Today’s health systems face the Silver Tsunami caused by the aging population and the rise of chronic diseases. Addressing the rising demand is a challenge for established processes and the healthcare workforce across the continuum of care. As a result, the cost of care explodes, and current staff shortages even increase further.
Healthcare is an established industry that can benefit from further digitalization of the established processes. Digitalization, together with technological advancements, could help to lift the pressure of the healthcare workforce. Healthcare employees become more and more tech-savvy and value the digitalization options that can help:
- increase the quality of care,
- increase compliance,
- increase Patient Experience,
- increase staff satisfaction, and
- reduce operational costs.
Digitalization may decrease the face time with a patient
Intensive care units (ICU) are technology-rich by nature. The combined bedside devices connected to a single Patient on an ICU can generate up to 200 data1 points per second. Still, some hospitals use paper documentation. The introduction of an electronic patient record could enable automated charting of all bedside device data. Let’s assume the nurse to patient ratio remains the same. Nurses could benefit from the efficiency increase by automation of essential documentation tasks.
In daily practice, I often witnessed the opposite. Instead of the nurse spending more time with the patient, I observed her spending more time documenting than before. The reasons can be manifold and relate to cumbersome user interfaces, gaps in device interconnectivity, or poor onboarding of nurses. Another aspect is related to far advanced clinical documentation activities beyond their status quo to fulfill current Quality Assurance guidelines better or maintain double documentation instead of fetching statistics out of the electronic documentation2. The introduction of electronic documentation requires a holistic approach of the entire inpatient workflow to consolidate and redesign purposefully established processes.
Electronic Calculations could be misleading
An important metric in measuring hospital efficiency is the Lenght of Stay (LOS) for a given diagnosis. Best in class hospitals have applied active discharge management by triaging the inpatient cases in the emergency room. This proactive approach helps bed managers to plan procedures based on current and predicted bed capacity. The anticipated LOS, once shared, can also guide caregivers across the continuum of care. During an inpatient episode, the criticality and thus the required hospitalization days may change the considered LOS up or downwards. How could new insights be shared with the bed manager?
Increasing the quality of care demands a holistic approach to the entire inpatient workflow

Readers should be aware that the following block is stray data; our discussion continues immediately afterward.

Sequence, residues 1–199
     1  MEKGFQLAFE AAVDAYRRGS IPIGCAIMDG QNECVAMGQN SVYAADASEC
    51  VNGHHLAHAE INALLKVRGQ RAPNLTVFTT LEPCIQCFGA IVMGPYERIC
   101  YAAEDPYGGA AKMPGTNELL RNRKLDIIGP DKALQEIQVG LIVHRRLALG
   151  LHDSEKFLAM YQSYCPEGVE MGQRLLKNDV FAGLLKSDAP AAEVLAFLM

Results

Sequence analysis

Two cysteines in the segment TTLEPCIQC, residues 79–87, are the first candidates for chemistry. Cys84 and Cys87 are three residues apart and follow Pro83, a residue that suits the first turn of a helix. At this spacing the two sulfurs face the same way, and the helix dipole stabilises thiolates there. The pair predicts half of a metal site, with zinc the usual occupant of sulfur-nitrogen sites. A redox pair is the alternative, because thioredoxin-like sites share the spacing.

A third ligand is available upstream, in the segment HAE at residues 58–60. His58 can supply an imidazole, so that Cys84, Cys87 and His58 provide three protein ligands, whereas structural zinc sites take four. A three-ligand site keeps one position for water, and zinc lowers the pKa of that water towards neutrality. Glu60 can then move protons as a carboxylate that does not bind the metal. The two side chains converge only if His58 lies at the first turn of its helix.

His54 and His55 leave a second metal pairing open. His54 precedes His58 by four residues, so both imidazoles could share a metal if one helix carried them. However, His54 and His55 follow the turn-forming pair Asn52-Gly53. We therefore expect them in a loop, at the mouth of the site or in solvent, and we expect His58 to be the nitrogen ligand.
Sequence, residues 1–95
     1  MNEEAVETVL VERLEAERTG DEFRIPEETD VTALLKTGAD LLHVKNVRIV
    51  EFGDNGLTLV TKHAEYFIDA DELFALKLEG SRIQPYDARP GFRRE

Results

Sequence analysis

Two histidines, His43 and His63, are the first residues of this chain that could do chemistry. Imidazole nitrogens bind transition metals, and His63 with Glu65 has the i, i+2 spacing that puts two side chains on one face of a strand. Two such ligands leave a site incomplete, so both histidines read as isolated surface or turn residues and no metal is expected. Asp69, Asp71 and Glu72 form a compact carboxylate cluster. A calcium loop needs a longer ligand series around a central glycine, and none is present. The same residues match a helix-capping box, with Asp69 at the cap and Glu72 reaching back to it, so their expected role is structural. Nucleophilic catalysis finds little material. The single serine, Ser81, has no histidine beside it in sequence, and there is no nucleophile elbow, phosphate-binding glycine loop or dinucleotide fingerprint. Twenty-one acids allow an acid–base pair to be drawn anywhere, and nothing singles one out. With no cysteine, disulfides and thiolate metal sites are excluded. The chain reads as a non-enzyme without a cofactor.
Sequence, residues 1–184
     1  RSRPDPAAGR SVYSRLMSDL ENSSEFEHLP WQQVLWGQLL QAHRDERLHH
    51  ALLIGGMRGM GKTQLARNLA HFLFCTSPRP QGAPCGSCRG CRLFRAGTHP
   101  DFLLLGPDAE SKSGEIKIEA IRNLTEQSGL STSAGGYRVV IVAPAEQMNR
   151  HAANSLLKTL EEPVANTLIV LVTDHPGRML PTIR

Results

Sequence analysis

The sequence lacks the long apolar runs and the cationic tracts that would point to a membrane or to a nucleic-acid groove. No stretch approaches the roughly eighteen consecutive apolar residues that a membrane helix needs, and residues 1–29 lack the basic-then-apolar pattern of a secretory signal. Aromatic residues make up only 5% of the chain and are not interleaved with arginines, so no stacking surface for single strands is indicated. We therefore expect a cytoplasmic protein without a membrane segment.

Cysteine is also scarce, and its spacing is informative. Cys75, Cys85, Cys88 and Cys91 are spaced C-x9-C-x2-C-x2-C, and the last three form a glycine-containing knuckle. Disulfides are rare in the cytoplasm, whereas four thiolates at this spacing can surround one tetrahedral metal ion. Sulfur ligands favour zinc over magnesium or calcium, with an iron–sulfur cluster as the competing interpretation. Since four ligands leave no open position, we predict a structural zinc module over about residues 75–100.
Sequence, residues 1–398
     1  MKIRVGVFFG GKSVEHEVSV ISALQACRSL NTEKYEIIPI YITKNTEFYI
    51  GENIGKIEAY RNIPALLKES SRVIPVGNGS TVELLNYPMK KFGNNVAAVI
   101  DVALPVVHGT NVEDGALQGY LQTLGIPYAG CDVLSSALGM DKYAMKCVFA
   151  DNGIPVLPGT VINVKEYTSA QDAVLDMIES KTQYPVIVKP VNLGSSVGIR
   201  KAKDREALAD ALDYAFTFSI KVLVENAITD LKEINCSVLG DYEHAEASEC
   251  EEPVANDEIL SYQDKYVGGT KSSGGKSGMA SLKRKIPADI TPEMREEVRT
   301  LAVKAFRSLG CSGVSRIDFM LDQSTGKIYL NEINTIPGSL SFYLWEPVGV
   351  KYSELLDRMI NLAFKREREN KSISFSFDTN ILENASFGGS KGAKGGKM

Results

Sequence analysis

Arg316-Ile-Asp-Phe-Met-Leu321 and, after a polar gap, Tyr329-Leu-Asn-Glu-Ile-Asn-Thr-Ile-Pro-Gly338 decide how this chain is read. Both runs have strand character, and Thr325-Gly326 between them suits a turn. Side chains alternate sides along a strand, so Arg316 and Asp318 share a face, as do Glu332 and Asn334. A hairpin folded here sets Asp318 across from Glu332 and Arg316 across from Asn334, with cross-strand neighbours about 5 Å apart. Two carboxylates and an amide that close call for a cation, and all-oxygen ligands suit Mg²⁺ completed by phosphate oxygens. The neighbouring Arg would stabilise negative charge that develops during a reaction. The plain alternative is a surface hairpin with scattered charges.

One solution is a transparent LOS indicator in the Hospital Information System (HIS) on all patient and department screens. A German General Hospital3 decided to utilize the LOS indicator in their HIS. First, they conducted a pilot in the two most significant departments for four weeks. After the feedback had been positive, the hospital management pulled in the remaining department heads. Although some department heads raised some concerns, all were open for the experiment. Within two weeks, four departments pulled out of the test.
Two main reasons have been identified:
- Specific differences in discharge workflow that, e.g., require seamless outpatient support for geriatric patients to avoid unnecessary readmission.
- Delayed or missing information that was not digitally available at the doctors’ round.
The speed of implementation kept a positive spirit. The agile approach highlighted challenges and allowed adjustment of the plan.
The two cases described utilized digitalization for enabling automated documentation and decision support. Those system advancements require process adjustments relevant to the entire healthcare workforce that typically works in shifts around the clock. Processes are often related to patient journeys that may overspan departments. Increasing the quality of care, compliance, and staff satisfaction successfully demands a holistic approach to the entire inpatient workflow across the patient episode. As in any process improvement program, the team needs to be taken on the change journey, involved early for capturing their needs and supported in achieving their goals.
Successful process improvements may not always directly reduce operational costs. They should at least reduce caregiver stress, become visible to the patient, and thus increase their experience positively. Positive patient experience will lead to better outcomes and happier staff. Happier staff can reduce staff fluctuation significantly and create operational savings.
1 – Celi, Leo & Mark, Roger & Stone, David & Montgomery, Robert. (2013). “Big Data” in the Intensive Care Unit.. American journal of respiratory and critical care medicine. 187. 1157-1160. 10.1164/rccm.201212-2311ED.
2 – Case Study UK Hospital.
3 – Case Study German Hospital Chain.